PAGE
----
Valve Software, one of the largest players in digital distribution of games, is looking to get into the computer hardware business. The company stated that it is “jumping in”  the computer hardware business in a job listing for the post of an industrial designer. The listing states that Valve is “frustrated by the lack of innovation in the computer hardware space” and sees “a real void in the marketplace.” Valve also seems to think that opportunities to create compelling user experiences are “being overlooked”.

“Valve is traditionally a software company. Open platforms like the PC and Mac are important to us, as they enable us and our partners to have a robust and direct relationship with customers. We’re frustrated by the lack of innovation in the computer hardware space though, so we’re jumping in. Even basic input, the keyboard and mouse, haven’t really changed in any meaningful way over the years. There’s a real void in the marketplace, and opportunities to create compelling user experiences are being overlooked,” the post reads.

Open your mind

“Frustrated” Valve will make hardware.

The post doesn’t include much about any specific computer hardware Valve is looking at, but it does mention that basic input peripherals like the keyboard and mouse “haven’t really changed in any meaningful way over the years.”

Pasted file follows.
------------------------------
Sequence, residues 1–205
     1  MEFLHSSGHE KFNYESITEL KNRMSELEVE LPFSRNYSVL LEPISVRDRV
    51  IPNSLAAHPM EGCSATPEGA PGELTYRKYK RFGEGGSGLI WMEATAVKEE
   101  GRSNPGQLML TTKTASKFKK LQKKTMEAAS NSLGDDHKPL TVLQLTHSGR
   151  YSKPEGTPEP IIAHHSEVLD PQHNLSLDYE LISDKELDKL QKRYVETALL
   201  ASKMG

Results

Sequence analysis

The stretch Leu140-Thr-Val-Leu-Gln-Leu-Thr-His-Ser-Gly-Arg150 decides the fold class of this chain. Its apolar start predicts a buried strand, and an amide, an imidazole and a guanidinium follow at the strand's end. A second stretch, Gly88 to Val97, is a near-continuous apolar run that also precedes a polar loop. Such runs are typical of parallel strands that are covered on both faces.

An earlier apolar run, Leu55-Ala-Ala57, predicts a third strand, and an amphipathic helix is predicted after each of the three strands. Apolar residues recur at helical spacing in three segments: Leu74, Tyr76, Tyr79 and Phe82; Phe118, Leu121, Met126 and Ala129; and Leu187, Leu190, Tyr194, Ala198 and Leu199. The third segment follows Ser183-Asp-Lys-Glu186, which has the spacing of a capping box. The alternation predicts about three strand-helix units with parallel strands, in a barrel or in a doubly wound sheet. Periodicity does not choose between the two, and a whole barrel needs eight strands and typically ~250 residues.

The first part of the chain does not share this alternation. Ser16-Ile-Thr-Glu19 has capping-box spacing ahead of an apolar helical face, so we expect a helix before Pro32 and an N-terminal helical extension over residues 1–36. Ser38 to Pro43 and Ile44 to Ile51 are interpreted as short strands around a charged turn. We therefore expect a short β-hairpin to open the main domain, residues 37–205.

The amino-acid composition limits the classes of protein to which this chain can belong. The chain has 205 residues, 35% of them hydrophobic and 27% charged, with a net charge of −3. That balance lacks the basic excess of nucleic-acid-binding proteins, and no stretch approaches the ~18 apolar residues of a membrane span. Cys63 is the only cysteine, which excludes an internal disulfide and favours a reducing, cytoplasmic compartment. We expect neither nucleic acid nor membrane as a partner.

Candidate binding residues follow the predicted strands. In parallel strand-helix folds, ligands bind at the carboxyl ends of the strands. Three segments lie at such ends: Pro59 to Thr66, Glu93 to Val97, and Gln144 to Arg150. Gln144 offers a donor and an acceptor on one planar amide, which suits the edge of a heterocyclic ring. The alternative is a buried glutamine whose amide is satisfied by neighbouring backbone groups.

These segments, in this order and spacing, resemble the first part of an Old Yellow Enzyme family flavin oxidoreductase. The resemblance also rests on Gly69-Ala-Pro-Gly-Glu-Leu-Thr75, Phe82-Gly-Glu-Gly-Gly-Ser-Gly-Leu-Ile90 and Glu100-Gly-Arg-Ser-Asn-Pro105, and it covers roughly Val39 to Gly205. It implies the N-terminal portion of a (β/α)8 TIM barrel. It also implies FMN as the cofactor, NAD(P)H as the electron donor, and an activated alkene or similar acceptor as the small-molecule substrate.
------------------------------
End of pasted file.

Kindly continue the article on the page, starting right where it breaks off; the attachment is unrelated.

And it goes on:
The company is not looking to build its own console either: Valve marketing director Doug Lombardi confirmed with Kotaku earlier this year that Valve was a long way from actually making a console. He didn’t deny, however, that Valve wouldn’t make its own hardware sometime in the future.

Valve is slowly diversifying its interests. The company recently started work on porting Steam for Ubuntu to cater to the growing Linux community and started a new blog dedicated to developing Steam on Linux. It recently also launched Steam Greenlight, a new platform feature that enlists the community’s help in selecting some of the next games to be released on Steam. Announced earlier this summer, Steam Greenlight allows developers and publishers to post information and media about their game in an effort to convince the Community that the game should be released on Steam. Greenlight piggybacks on Steam Workshop’s flexible system that organises content and lets customers rate and leave feedback.

Valve is also looking to use Steam to sell non-game software. The software titles that will be launched on Steam range from creativity to productivity applications. Many of the launch titles take advantage of popular Steamworks features such as easy installation, automatic updates, and the ability to save your work to your personal Steam Cloud space so your files may travel with you. This initiative may help independent developers get their software out, as Steam plans to use Greenlight for non-game software too. More software titles will be added after the September 5 launch.

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